Tag Archives: restorative justice

Getting to peace and social justice

By Anthony Marsella Here  is a straightforward list of actions and policies to promote peace amidst the madness of pursuing destruction and war for the apparent rewards of empire, economic, and delight in immorality and illegality. Productive Foreign Policy and Domestic … Continue reading

Posted in Armed conflict, capitalism, colonialism, culture of violence, Democracy, Human rights, imperialism, Media, Military-industrial complex, national security state, Nonviolence, politics, Poverty, Prisons, Protest, racism, Reconciliation and healing, resistance, social justice | Tagged , , , , , , , , , , , , | 1 Comment

Truth & Reconciliation, Part II, by Ross Caputi

 Our philosophy at Islah is that the goal of a reconciliation project must not be merely to end violence and mend feelings and attitudes between an oppressor and an oppressed group. The absence of violence with the persistence of injustice is … Continue reading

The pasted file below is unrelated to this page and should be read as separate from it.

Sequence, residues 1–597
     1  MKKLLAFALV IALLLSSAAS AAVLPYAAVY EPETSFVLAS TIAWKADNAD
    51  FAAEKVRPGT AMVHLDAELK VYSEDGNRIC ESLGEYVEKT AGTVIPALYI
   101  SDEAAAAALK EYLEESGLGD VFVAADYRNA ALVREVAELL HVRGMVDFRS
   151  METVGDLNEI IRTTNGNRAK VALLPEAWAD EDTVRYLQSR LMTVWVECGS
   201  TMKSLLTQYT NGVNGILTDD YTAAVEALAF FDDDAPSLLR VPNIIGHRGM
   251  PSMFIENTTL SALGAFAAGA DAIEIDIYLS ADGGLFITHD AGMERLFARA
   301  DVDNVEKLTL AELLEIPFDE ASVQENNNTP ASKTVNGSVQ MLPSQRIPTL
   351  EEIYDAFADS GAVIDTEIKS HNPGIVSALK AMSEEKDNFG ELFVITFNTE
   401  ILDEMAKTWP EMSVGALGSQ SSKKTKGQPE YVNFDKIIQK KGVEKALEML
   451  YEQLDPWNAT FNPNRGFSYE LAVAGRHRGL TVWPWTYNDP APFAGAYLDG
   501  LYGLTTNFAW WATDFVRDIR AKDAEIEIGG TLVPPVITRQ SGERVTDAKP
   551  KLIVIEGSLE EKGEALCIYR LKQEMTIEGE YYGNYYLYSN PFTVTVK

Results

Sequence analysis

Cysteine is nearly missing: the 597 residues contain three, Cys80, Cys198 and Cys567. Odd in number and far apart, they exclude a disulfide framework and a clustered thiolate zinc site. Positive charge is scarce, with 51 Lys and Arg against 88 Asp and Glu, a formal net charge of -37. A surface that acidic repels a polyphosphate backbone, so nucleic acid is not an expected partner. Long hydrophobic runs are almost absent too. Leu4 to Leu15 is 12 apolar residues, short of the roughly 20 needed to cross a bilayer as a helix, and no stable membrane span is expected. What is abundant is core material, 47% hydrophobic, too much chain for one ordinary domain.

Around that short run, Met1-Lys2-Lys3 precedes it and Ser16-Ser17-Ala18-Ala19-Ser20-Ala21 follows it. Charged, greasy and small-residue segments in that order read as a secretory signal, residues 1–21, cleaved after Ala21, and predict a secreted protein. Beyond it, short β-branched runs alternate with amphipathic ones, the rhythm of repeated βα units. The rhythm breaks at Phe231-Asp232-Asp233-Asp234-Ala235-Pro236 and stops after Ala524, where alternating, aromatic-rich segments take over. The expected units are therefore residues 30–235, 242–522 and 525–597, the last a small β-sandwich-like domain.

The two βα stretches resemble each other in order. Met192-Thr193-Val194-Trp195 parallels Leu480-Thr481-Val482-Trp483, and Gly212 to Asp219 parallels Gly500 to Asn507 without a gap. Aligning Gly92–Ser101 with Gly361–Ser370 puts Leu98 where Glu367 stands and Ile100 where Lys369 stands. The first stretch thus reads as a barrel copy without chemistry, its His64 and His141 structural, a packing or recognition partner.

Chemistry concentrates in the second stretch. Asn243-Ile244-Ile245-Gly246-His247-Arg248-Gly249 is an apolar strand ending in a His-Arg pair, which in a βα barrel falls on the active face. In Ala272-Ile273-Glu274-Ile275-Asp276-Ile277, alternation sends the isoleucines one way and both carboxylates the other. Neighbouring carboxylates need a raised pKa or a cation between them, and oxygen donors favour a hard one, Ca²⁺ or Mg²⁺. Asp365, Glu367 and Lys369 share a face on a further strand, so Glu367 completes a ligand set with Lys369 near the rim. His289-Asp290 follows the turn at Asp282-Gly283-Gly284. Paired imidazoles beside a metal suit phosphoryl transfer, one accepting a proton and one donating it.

Posted in Armed conflict, Environmental impacts of war, Human rights, Nonviolence, Reconciliation and healing | Tagged , , , , , , , | 1 Comment

Ubuntu: Together we are one

It has been argued that civil societies have been at the forefront of efforts geared toward the growth and sustenance of non-violent struggle, particularly in Africa.

The pertinent question is: how close is civil society in Africa to adopting non-violent ways of settling conflicts?

To answer this question, we must first trace back the concept of non-violent struggle to the African… Continue reading

Posted in Reconciliation and healing | Tagged , , , , , , , , , , , , , , , , | 7 Comments

Prosecuting the perpetrators (The Khmer Rouge genocide, Part 3)

[This is the third of four posts by Dr. Leakhena Nou on the legacy of the Khmer Rouge genocide.] In the 21st century, efforts have been made to promote restorative justice and end the culture of impunity in Cambodia. For … Continue reading

Posted in Children and war, Human rights, Reconciliation and healing, Torture, Understanding violence | Tagged , , , , , , , , , , , , , , , , , , , , , | 3 Comments